termination kit:  A device that stops or terminates to the outside wall for the venting of the PVC piping, this allows birds or other creatures to not get into the vent piping and could cause problems with system later. See pic below for what this is.
Once your piping is installed you can start piping to your heating zone areas.

I already had an existing boiler so I only needed to build a loop then repipe my circulators into the loop.

The book states the pipe loop should be no more then 12" apart and requires an air scoop to remove air from the system.
I used 1" line although 1 1/4" is recommended loop size. My system was on a low budget setup.
1" with 7 zones works perfect for me and heats like a bastard.

I also had to cut costs by buying either 1" X 3/4" cooper tee's @ $11 each or this cooper manifold  with sweat ports which was $6 dollars for 4 zones. 

I had limited budget and chose to use these although 3/4" line is recommended for all heating zones so I piped up 1/2" on the bottom and 3/4" above the circulator.

I ordered most of my parts from for a cheap price of less then $200 dollars in parts.

The boiler comes with a season temp sensor to detect when the weather gets much nicer it can adjust the boiler temps to a lower degree to save money. Also if the weather gets above 65 degrees it turns off the heat to the home since it's not needed. Although you can adjust this I left it as default to 65.

You want to install your outdoor weather sensor on the NORTH side of your home away from the sun rays to get a correct reading. Use your iphone built in compass to detect north. This will allow you to save money when it's warmer outside.  I won't get into technical details but it is a condensing boiler so it can reuse gases in the vent when it condenses at those temps so you save money and waste less natural gas.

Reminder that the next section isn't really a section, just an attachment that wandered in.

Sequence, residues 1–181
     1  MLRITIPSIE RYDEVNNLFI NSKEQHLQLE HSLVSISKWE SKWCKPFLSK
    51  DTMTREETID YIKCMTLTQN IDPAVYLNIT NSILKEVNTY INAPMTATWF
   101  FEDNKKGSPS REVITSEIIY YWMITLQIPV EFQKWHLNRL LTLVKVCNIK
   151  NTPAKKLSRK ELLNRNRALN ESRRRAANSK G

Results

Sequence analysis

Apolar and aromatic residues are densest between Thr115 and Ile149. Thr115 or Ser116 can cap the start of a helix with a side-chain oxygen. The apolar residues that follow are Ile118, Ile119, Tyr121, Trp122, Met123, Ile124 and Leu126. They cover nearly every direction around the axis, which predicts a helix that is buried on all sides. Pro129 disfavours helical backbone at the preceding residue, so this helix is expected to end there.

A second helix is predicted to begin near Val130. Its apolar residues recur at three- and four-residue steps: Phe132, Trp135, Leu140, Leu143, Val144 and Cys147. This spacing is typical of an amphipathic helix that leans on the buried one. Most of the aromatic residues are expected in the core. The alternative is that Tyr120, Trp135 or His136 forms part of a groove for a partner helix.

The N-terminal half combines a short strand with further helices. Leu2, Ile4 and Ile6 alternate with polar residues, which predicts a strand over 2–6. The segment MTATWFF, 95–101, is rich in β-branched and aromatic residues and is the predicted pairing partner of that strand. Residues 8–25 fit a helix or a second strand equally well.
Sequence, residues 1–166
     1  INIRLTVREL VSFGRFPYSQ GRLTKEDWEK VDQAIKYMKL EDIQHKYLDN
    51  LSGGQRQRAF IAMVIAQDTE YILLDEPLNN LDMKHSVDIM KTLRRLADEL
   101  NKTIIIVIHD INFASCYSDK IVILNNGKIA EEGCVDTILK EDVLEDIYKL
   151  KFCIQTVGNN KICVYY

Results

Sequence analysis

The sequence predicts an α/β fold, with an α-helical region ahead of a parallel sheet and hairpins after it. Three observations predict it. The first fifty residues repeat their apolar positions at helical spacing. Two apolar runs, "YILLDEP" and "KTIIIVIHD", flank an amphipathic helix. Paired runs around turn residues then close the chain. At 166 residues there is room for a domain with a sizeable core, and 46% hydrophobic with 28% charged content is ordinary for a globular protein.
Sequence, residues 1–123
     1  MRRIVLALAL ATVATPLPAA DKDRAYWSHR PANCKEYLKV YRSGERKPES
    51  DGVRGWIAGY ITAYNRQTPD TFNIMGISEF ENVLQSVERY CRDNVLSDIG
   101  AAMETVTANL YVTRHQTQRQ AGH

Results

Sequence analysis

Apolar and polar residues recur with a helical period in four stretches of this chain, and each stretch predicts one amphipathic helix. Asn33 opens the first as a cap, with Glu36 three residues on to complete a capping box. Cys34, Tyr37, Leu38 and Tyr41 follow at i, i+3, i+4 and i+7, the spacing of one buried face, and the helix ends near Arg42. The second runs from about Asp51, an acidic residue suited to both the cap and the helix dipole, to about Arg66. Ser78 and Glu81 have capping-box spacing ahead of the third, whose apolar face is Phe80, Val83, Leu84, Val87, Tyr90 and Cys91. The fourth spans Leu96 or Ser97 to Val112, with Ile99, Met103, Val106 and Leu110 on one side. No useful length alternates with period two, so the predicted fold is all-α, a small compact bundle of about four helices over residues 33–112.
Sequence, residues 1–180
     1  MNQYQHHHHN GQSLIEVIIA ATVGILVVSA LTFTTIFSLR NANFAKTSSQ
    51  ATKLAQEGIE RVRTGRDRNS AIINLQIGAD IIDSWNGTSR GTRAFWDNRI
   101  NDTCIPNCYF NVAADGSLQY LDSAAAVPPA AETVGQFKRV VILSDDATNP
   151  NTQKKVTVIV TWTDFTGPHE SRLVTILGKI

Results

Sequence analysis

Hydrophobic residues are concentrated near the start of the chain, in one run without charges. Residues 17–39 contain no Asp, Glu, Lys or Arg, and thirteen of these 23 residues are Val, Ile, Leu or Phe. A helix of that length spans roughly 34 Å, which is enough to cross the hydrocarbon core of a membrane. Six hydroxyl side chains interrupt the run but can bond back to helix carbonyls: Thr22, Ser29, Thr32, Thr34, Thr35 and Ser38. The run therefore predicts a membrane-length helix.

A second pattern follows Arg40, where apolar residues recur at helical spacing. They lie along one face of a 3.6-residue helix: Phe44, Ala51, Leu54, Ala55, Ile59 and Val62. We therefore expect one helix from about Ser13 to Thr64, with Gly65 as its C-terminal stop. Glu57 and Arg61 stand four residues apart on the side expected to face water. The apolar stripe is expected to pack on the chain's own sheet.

The electrical wiring was simple I installed a GFI before the unit to protect it's electrical parts and although it's not required this damn thing has a computer so you better protect it.
I found that the boiler didn't like the GFI and it would hit a ground fault because of the way the boiler works drawing power at times higher then others. I ended up removing it. Better to use a whole home surge protection or a panel breaker with a built in surge protection.

If you have an indirect water heater you'll want to make sure you install the wire to the boiler's electrical panel inside at the bottom of it. There's a spot on the outside for GREEN LOW VOLTAGE wires and BLACK HIGH VOLTAGE. 

Hook your 120 volts using the black panel and 24 volt wires go to the green panel.
The indirect requires 24 volt wiring to the boiler to tell it to turn it on and call for heating.
Also the CH T-T is a 24 volt that goes to your ARGUS Control Panels to let all the zone's know when heat is needed.

Once your electrical is setup your ready to proceed to first time fire up.